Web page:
One day we found out why he wore the dark glasses. In a moment of uncharacteristic frivolity he allowed his ninth grade English composition class to decorate one wall of the classroom any way we liked with posters we had brought from home (my contribution being a nice picture of Ozzy Osbourne chewing on some offal). He left the room for a bit while we hung our posters at the crazy angles dictated by 80s teen design sensibilities. When he entered the room again, to our great surprise he was wearing regular clear eyeglasses (which made him look less vampirey and more like a regular Japanese guy), and he immediately began to stagger. He whisper-growled at us, Straighten the posters! and left the room again. It seems that he suffered from an inner ear disorder, and our playfully askew posters had literally thrown him off balance. The dark glasses were to mitigate such effects. I suppose it was just a fringe benefit that they also contributed to his illuminati persona.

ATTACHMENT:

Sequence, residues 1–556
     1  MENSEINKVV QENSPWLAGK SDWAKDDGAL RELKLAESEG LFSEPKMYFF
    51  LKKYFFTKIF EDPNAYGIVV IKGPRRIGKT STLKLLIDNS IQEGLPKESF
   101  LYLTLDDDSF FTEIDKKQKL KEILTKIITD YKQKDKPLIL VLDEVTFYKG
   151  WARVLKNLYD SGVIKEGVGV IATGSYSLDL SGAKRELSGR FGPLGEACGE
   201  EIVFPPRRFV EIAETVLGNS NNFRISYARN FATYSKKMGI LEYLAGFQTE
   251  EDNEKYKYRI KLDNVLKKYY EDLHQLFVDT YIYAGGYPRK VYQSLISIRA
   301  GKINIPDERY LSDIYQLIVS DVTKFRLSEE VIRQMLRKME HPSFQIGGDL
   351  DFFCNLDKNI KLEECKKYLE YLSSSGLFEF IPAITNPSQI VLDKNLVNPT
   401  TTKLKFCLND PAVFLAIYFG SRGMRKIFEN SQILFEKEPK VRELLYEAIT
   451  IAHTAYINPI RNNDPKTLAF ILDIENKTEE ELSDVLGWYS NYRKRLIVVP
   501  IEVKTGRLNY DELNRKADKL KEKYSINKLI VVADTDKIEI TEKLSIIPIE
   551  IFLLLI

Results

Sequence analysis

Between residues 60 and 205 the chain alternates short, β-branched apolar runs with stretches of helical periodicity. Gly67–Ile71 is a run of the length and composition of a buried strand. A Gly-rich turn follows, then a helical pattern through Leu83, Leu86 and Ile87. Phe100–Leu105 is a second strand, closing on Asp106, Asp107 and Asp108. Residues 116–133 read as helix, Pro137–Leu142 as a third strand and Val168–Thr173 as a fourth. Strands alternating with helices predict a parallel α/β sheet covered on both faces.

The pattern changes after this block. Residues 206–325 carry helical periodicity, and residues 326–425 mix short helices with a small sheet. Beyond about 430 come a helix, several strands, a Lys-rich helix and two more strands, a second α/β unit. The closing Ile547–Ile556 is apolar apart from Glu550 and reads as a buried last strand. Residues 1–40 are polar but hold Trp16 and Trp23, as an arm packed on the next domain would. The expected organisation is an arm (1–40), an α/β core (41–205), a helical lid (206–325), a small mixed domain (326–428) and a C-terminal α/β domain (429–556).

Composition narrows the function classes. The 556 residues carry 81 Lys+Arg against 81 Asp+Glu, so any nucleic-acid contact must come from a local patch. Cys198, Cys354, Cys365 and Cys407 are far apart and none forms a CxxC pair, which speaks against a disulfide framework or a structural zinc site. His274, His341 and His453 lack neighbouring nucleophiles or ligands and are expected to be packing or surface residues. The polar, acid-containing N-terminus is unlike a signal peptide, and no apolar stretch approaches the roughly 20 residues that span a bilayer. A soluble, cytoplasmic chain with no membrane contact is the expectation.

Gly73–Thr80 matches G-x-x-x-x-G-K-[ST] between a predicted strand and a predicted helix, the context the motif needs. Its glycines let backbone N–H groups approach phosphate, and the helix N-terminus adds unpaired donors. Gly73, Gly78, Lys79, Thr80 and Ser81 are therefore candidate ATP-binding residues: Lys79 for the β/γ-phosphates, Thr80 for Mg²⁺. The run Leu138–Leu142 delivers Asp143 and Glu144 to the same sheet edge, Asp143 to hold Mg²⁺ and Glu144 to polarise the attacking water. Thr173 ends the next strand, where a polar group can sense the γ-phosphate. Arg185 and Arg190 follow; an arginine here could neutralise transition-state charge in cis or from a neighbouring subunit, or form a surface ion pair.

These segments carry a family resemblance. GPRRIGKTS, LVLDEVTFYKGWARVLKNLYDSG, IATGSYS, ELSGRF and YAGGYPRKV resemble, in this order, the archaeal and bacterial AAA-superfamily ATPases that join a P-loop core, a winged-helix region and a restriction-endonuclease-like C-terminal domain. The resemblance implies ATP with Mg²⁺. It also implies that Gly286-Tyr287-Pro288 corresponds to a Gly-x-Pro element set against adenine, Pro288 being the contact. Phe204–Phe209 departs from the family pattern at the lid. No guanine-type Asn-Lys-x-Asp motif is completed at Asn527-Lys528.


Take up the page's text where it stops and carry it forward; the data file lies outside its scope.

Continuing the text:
The cane was a pillar of Yamazaki lore. Rumor had it that one day as he was standing at his lectern, holding forth on some such topic as the correct conjugation of the verb être, two girls in the front row were whispering and giggling. Miss Harris and Miss Gonzalez, he murmured, Please pay attention. They did, and he resumed the lecture, whereupon they resumed their chatter. He paused a second time: Miss Harris and Miss Gonzalez, please shut up. Which they did, just long enough for him to get underway again. He let them continue a few moments and then he said, Miss Harris and Miss Gonzalez, do you know what happens to people who TALK? And on that last syllable he whipped a fucking sword out of his cane and held it poised an inch from Miss Harris’s throat. The entire class gave him their undivided attention.